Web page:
Dear James: I have been trying to clean up and refinish some of the hardwood trim in my older home. I went to the home center store to buy sandpaper, but there are so many types. Which is best for what? — Randy T.
Dear Randy: The sandpaper aisle at the home center store can be a bit overwhelming, sometimes even for professionals. It could be worse, though. If you go online sometime and search on sandpaper, you will find your home center offers less than 10 percent of the overall available sandpaper selection.
It will be worthwhile to do a little research on sandpaper to get a basic understanding of how it works and its uses. The reason there are so many different types of sandpaper is that there are many different sanding tasks.
Selecting the proper sandpaper can cut the sanding time in half and produce the attractive finish you desire. Even for the simple job you are doing, you will need many different types. On some spots, you may want to remove the old finish. On others, you may want to just polish the old finish or do deep sanding to removing scratches.
All sandpaper can be put into one of two categories — opened or closed. Closed sandpaper has a solid covering of abrasive particles. This is ideal for sanding metal or other very hard materials.
But on opened sandpaper, only 40 to 70 percent of the surface is covered with abrasive. The purpose is not to lower cost. The open areas provide room for the sanding dust so that the paper does not quickly clog and become ineffective. This is the type of sandpaper you should be using, especially for the initial sanding of the wood. Wood sanding dust can be quite sticky.
The grit number of the sandpaper indicates the size of the abrasive particles, the depth of the scratches it leaves and how fast it removes material. There are two grit standards: American (CMI) and European (FEPA). Sandpaper using the European standard often has a "P" in front of the grit number. A higher grit number means finer abrasive particles.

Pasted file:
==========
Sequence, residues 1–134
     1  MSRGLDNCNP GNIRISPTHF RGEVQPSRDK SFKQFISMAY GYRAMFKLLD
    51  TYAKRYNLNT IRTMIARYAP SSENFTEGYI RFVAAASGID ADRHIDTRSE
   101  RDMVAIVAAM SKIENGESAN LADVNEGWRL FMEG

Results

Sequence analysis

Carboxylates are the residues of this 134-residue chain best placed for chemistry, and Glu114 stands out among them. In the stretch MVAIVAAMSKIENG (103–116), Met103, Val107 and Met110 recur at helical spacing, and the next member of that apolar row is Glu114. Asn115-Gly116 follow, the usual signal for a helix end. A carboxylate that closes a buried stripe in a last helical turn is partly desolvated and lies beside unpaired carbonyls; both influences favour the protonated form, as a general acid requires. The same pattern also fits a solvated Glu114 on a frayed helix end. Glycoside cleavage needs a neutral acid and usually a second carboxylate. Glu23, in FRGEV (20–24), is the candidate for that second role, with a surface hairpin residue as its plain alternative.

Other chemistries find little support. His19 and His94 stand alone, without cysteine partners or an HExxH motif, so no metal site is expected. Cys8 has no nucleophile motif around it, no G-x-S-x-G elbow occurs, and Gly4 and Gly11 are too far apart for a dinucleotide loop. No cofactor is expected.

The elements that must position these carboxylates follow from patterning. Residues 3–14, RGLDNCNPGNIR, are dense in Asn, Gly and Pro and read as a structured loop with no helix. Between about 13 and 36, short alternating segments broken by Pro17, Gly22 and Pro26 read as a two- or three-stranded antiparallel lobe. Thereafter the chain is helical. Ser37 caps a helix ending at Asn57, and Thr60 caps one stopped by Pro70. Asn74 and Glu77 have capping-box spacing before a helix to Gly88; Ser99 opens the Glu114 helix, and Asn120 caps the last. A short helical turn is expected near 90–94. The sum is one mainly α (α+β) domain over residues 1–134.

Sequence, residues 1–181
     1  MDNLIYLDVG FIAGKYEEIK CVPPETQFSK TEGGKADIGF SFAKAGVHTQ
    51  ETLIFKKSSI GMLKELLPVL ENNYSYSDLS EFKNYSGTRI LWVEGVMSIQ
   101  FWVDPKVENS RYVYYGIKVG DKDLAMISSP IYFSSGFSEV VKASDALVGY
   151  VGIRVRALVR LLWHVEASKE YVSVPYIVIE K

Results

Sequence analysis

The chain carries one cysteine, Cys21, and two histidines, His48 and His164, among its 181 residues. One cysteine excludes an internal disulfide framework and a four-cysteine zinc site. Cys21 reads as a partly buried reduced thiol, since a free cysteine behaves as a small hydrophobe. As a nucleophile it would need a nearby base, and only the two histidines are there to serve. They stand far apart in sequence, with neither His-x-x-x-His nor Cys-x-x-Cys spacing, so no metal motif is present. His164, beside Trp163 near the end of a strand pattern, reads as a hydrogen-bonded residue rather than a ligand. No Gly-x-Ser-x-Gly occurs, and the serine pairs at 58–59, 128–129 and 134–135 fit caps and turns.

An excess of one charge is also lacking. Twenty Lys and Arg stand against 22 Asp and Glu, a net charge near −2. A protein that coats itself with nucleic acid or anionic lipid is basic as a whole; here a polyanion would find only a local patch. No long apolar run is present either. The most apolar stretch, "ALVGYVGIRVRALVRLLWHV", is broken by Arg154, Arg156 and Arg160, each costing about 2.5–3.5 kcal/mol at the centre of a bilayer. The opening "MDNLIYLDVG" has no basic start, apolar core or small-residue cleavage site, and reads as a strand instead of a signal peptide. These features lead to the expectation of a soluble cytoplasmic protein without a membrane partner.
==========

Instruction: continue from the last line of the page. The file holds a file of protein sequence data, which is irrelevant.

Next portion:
Below 220-grit, they are similar. Above this number, the FEPA grit is more coarse. It is important to know which type of sandpaper you are buying. If you find an American 600-grit sandpaper works well, buying P600-grit sandpaper will not give the same finish.
Start out with a 220- or 150-grit sandpaper and see if works for the initial sanding. If you have to step down to a more coarse 60-grit, you still will need the 220- or 150-grit for the intermediate sanding. For final polishing with a disk sander, grits as fine as P4000 are available.
There are several types of abrasive materials available. Aluminum oxide is the best for your project. It is relatively inexpensive and easy to find in home centers. The aluminum oxide particles are friable. This means the particles break off and create new sharp edges as the sandpaper is used. This extends its life.
Depending upon the intricacy of the detail in your woodwork, you may find sanding sponges easier to use than folded sandpaper when you want to get into curved areas. These sponges are available in many grits and thicknesses. Various sponge densities (stiffnesses) are also available. Sanding sponges are inexpensive, so try several sizes and densities. They have a long life.
Send your questions to Here's How, 6906 Royalgreen Dr., Cincinnati, OH 45244 or visit www.dulley.com. To find out more about James Dulley and read features by other Creators Syndicate writers and cartoonists, visit the Creators Syndicate website at www.creators.com.